When doing model selection, we can expand our model to span the different candidate models using a mixture construct akin to how Bayes factors are constructed and justified, with a model of the form

w\sim \text{dirichlet}(\mathbf{1})\\
m\sim \text{categorical}(w)\\
x\sim p_m

where m is a discrete index selecting the model class, so that X is generated by a mixture of the models. The prior on w is a bit unorthodox from the Bayes factor point of view, but allows us to integrate out m, yielding

w\sim \text{dirichlet}(1)\\
x\sim \sum_{m=1}^M w_mp_m

which could be modelled in Stan as

```
model {
w ~ dirichlet(rep_vector(1,K));
vector[K] comp_lpmf;
for (k in 1:K) {
comp_lpmf[k] = w[k]*likelihood_lpmf(y | param[k]);
}
target += log_sum_exp(comp_lpmf);
}
```

When sampling from a model of this form, the samples of w become incredibly concentrated and differ across chains, indicating poor mixing. Is my reasoning here flawed, or is this to be expected?

edit: as I note below, the Stan implementation here is not at all doing what I wanted. The text still holds.

Have you looked at the examples in the manual for mixtures?

Sure, that’s basically how I got the model structure, but this is a slightly different application from a standard mixture, being one rung lower in the hierarchy.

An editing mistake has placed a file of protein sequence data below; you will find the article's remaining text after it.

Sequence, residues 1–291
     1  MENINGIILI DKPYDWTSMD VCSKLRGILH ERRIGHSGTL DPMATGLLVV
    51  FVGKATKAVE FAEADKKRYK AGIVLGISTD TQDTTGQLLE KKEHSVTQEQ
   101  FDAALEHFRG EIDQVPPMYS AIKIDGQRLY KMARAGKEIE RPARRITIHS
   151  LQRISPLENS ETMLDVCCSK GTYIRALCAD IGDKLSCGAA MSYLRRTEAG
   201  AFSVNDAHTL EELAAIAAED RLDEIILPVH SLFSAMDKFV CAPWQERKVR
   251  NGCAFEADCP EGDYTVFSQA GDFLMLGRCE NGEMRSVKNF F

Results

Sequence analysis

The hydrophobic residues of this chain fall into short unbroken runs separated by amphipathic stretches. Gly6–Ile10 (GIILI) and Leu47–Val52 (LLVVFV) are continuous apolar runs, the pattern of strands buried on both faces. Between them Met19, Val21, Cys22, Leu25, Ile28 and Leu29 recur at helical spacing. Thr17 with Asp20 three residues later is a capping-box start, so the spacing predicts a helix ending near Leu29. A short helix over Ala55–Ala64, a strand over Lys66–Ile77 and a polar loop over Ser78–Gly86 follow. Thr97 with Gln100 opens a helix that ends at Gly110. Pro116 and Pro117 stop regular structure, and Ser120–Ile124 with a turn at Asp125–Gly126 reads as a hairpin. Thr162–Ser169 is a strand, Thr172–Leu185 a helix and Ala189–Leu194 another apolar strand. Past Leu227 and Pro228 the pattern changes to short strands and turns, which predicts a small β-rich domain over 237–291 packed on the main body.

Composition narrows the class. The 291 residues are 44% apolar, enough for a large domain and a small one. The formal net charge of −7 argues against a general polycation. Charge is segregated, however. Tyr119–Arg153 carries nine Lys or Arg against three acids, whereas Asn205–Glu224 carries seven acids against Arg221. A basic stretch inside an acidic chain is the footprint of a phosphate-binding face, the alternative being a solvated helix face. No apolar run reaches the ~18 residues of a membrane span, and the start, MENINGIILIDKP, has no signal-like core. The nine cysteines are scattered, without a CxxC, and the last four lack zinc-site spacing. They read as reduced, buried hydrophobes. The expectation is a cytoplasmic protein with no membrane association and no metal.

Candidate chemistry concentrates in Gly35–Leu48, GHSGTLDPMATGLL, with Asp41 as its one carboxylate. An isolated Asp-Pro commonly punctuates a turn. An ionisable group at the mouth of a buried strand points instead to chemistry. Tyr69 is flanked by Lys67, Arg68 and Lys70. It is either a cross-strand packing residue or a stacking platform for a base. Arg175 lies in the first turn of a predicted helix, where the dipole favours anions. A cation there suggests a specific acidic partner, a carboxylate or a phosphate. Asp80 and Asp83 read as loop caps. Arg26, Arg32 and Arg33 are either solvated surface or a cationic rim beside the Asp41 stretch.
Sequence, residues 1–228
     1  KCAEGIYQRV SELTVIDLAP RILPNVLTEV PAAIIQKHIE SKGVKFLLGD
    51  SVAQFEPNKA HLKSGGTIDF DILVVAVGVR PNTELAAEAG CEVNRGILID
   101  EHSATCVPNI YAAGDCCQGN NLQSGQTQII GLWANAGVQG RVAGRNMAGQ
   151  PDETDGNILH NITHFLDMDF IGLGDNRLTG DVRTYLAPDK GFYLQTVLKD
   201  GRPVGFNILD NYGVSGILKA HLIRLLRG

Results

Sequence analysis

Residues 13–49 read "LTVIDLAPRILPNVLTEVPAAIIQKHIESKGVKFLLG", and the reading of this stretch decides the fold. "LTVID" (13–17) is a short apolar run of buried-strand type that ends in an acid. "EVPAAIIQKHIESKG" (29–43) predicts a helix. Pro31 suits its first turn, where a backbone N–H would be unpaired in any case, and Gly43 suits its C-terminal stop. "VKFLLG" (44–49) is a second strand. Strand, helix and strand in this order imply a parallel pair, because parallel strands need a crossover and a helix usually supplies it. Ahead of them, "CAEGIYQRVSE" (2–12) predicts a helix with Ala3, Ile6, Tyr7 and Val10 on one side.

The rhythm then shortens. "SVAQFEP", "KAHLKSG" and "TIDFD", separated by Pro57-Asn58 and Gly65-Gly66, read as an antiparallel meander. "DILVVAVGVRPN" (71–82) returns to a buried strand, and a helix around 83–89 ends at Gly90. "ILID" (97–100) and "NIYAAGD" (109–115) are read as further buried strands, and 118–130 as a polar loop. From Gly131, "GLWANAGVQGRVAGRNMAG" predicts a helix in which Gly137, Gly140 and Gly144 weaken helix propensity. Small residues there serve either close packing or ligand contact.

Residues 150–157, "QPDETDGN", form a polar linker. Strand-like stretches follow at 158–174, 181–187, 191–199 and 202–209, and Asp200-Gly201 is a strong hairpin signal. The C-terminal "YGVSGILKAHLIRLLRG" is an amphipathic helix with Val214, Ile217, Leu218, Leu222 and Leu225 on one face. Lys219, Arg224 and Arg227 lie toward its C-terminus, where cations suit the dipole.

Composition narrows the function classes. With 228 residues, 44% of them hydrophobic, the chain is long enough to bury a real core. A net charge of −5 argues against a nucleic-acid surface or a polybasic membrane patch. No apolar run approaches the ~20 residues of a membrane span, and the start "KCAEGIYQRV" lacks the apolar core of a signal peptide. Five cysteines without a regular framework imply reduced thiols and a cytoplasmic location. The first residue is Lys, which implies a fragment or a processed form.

I don’t know much about this application, so I’m only going to be limited help. But it looks like you’re getting a highly concentrated multimodal distribution, which Stan is just not going to be able to fit well (but neither will most other things). The problem is that it’s really hard for the Markov chain to traverse the area of very low probability mass between modes.

It’s not hard to imagine a case where there are two possible modes that are far away on the simplex and the only paths between them go through very unlikely parts of the model space. So it might just be that the problems with this model are unavoidable.

i also feel like the parameter in your Dirichlet should decrease with K to make sure the prior is concentrated on the boundaries of the simplex (which is where you want it to be concentrated).

There’s some practical advice in this paper (which you have probably seen). It focusses on Gibbs samplers, but some of the recommendations around prior specification could be useful.

Mixture models can be useful, but I’d like to remind also that mixture models can be unstable as Bayes factors in case of small data. See Section 4.3 in Using Stacking to Average Bayesian Predictive Distributions (with Discussion) for a recent example with Stan.

Hm, the problem is partially that each component effectively only observes a fraction of the data - there is a credit assignment effect at play.

But couldn’t this be circumvented if the models have shared parameters?

For instance, if each component of the mixture is a factor model (e.g. probabilistic PCA), with component k being the factor model with k factors, we could improve posterior concentration by letting factor model k+1 be equal to factor model k, but with a single new vector added.

This is my actual case, but I still observe poor mixing for the random variable k.

Bad mistake here - the log-probability statement I provided is equivalent to \frac{1}{Z}\sum_{k=1}^Kp_k(y)^{w_k} which I am barely sure makes sense under any interpretation (I guess it is roughly a equally-weighted mixture of tempered likelihoods…). I will try to reimplement.